PLEBES: [Foaming at the mouth now] Legacies are an ENTIRELY DIFFERENT THING. We’re talking about discrimination based on RACE. That’s ILLEGAL!
If you are considering a virtual law practice, you know that many of today’s solo firms started that way. But why are established, multi-attorney law firms going virtual?
Many small firms are successfully moving part—or even all—of their practice to a virtual setting. This even includes multi-jurisdictional practice spanning several states and practice areas, although solo and small partnerships are still the largest adopters of virtual law.
Can you do the same? The new article Mobile in Practice, Virtual by Design from author Jared Correia, Esq., explores how mobile technology bring real-life benefits to a small law firm. Read this new article—the next in Thomson Reuters’ Independent Thinking series for small firms—to explore how a mobile practice:
Reduces malpractice risk
Enables you to gather the best attorneys to fit the firm, regardless of each person’s geographic location
Leverages mobile devices and cloud technology to enable on-the-spot client and prospect communication
Transitioning in-house is something many (if not most) firm lawyers find themselves considering at some point. For many, it’s the first step in their career that isn’t simply a function of picking the best option available based on a ranking system.
Unknown territory feels high-risk, and can have the effect of steering many of us towards the well-greased channels into large, established companies.
For those who may be open to something more entrepreneurial, there is far less information available. No recruiter is calling every week with offers and details.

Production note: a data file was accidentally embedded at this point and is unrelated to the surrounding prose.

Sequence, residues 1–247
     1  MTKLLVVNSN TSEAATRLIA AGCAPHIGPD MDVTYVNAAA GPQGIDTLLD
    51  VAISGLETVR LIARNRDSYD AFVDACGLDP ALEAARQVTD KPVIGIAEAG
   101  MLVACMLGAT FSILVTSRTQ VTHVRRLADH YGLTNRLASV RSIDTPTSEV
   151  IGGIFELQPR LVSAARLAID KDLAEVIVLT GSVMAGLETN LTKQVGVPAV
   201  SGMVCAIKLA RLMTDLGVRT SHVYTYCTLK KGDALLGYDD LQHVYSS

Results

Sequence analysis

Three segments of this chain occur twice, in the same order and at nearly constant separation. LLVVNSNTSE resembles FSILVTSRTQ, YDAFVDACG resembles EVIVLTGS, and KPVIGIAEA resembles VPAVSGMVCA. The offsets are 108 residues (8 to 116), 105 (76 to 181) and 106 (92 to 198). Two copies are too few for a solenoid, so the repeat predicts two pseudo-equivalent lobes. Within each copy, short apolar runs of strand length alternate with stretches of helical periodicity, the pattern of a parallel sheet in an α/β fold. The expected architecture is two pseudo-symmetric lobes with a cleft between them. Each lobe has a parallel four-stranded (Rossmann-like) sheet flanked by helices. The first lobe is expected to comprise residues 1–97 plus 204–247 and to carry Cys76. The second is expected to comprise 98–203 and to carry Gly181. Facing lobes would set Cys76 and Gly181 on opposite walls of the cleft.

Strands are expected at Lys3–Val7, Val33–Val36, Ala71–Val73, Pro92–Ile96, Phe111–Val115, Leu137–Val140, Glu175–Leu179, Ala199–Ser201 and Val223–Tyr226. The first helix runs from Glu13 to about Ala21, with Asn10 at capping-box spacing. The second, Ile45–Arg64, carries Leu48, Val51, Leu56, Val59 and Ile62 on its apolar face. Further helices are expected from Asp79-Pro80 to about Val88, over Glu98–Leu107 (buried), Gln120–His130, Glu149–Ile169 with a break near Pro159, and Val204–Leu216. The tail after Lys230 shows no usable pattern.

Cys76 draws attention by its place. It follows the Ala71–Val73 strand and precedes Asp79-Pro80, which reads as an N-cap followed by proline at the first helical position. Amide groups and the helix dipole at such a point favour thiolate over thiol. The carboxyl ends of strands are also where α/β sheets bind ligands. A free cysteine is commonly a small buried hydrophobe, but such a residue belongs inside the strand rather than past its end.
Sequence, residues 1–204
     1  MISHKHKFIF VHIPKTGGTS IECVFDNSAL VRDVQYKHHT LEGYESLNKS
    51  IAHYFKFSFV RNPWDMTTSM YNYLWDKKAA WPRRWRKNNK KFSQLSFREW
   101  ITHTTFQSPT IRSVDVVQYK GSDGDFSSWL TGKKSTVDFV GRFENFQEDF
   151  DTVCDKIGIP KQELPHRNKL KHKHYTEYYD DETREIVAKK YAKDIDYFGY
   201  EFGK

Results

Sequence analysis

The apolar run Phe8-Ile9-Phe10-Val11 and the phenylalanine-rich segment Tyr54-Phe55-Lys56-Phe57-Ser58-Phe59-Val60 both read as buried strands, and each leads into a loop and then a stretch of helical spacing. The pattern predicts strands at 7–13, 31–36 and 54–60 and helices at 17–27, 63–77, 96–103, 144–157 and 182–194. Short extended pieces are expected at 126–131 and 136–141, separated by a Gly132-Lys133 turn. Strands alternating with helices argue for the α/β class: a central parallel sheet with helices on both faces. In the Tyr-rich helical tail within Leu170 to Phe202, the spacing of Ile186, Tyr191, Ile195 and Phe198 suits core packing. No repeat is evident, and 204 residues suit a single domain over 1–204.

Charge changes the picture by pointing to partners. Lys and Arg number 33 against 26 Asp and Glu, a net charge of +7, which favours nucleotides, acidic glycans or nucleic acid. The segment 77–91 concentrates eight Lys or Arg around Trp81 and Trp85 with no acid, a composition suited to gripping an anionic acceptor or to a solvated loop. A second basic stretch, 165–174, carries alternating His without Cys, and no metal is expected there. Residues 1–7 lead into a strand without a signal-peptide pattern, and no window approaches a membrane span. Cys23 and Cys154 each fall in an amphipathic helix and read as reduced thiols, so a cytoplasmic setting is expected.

In sponsorship with Betterment, ATL and David Lat will moderate a panel about life in-house and we’ll hear from GCs at Birchbox, Gawker Media, Squarespace, Bonobos, and Betterment. Drinks, snacks, networking, and a great time guaranteed. Invite your colleagues, but RSVP fast, as space is limited.
Ed. note: The Asia Chronicles column is authored by Kinney Recruiting. Kinney has made more placements of U.S. associates, counsels and partners in Asia than any other recruiting firm in each of the past seven years. You can reach them by email: firstname.lastname@example.org.
It’s that time of year again when JDs are starting to apply for 2L summer jobs and 2L summers are deciding which practice area to focus on.
For those JDs with an interest in potentially lateraling to or transferring to Asia in the future, please feel free to reach out to Kinney for advice on firm choices, interviewing and practice choices, relating to future marketability in Asia, or for a general discussion on your particular Asia markets of interest. This is of course a free of cost service for those who some years in the future may be our future industry contacts or perhaps even clients.
For some years now Kinney’s Asia head, Evan Jowers, has been formally advising Harvard Law students with such questions, as the Asia expert in Harvard Law’s “Ask The Experts Market Program” each summer and fall, with podcasts and scheduled phone calls. This has been an enjoyable and productive experience for all involved.